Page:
If you’re contemplating international travel, it’s critical to separate passport myths from passport reality. Not understanding passport rules and regulations can cause passport applicants to not get their passports on time to travel, strand cruise passengers in case of an emergency or end a trip before it starts.
Below, I’ll discuss the five passport myths I’m asked about most often to help you find their reality.
Myth 5 – Passport applications can’t be denied due to financial reasons:
It’s not true. Passport applications can be denied solely on financial grounds. In Canada, under specific circumstances, for example, citizens who owe money to the Crown can have their passport applications denied. In the U.S., a passport application can be denied if you owe the Internal Revenue Service a substantial outstanding balance or if the Department of Health and Human Services certifies you owe too much child support.
Myth 4 – Passports can’t be used for domestic air travel:
Each country’s citizens must check with their own government about what IDs are acceptable for domestic flights. In China, its citizens need their Chinese ID cards for domestic flights, rather than passports. U.S. citizens can use their passports for domestic air travel.
Myth 3 – Passport photos may be in black and white or color:
Some countries such as Canada permit their citizens to submit passport photos in black and white or color, at this time. In the U.S., France and the United Kingdom, for example, passport photos must be in color. Check your country’s passport rules before renewing or applying for a passport.
Myth 2 – An unexpired passport is good for international travel everywhere:
This isn’t true. For example, most Schengen area countries require passports to be valid for at least three months beyond one’s date of departure. More than 50 countries, including Venezuela, Ecuador, China and France require passports be valid for at least six months after one’s arrival. Thinking about visiting Istanbul? In Turkey, passports must be valid for at least 60 days after visitors’ six- month visas expire. That’s eight months after visitors enter Turkey. I renew my passport about a year before it’s due to expire to ensure I can use it anywhere.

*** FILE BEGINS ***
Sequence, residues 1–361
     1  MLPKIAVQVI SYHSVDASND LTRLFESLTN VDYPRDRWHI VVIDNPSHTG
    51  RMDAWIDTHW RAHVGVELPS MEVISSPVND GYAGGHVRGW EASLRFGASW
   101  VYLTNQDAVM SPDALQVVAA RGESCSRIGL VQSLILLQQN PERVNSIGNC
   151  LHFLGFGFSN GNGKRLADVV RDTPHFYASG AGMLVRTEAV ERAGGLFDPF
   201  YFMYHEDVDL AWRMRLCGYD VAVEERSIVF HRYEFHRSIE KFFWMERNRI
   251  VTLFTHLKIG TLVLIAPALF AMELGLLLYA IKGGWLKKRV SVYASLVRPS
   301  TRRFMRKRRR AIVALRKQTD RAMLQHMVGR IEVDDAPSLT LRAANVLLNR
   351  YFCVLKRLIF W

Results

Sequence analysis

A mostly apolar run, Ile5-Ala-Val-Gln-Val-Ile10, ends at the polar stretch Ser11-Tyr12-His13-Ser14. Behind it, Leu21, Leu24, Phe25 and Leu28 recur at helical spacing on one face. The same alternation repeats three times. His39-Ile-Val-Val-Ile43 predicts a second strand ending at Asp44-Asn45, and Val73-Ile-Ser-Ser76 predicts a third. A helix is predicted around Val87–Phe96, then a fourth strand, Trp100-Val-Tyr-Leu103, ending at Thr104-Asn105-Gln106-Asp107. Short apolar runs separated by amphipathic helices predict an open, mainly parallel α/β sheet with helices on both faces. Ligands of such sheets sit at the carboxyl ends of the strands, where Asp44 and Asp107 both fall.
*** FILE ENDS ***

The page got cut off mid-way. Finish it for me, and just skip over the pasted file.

Myth 1 – U.S. citizens don’t need a passport on some cruises:
This is true, but the realities of international travel make it moot.
U.S. travelers can take a “closed loop cruise” as defined by U.S. Customs and Border Protection. It’s a cruise that goes to at least one foreign port that begins and ends in the same U.S. port. Many cruises to the Bahamas, Bermuda and the Caribbean are “closed loop.” U.S. citizens need only a birth certificate and a government issued photo ID to leave and reenter the U.S. on these cruises.
I think if we asked Michelle Manuel and Rose Johnson today, they’d tell you to always bring a passport on any cruise. Last month, the duo were on a “closed loop cruise” to the Bahamas. Ms. Johnson became extremely ill on the ship and was taken to a hospital in Nassau. She had a serious condition. She needed to fly home for surgery. Neither Ms. Manuel or Ms. Johnson had a passport.
You can’t fly on an international flight without a valid passport.
Travelers can get a new or replacement passport, while in a foreign nation, at a U.S. embassy or consulate that has passport services. Fortunately for the pair, there is a U.S. Embassy in Nassau. It took some time, but they were able to obtain U.S. passports and eventually fly home to Kentucky.
The costs to obtain a passport in a foreign country can be substantial and you won’t necessarily get it overnight. It may be a trek to get to the embassy. You’ll have transportation, meal and lodging costs along with the cost of the passport itself.
Medical emergencies on trips which require a return home are documented regularly. Family and business emergencies occur requiring travelers to quickly return home. If you have an emergency while in a foreign country, you need a passport to fly home.
Sometimes, cruisers are late on the day of their embarkation and have to fly to the first port of call to catch up to their ship. If it’s an international port, they need a passport to fly there. Sometimes, cruisers don’t get back to the pier on time and find their ship has sailed. If the port is in a foreign country they’ll need a passport to fly to the next port or home. Without a passport, they’ll be denied boarding.
So, while travelers might not legally need a passport on some cruises, commonsense screams that cruisers should always have their passport on any international cruise, even “closed loop cruises.”
Misinformation and misunderstandings about passport rules and regulations have too often fouled up too many travelers’ international trips before they’ve started or ruined their international journeys long before they were set to end. Don’t let that be you.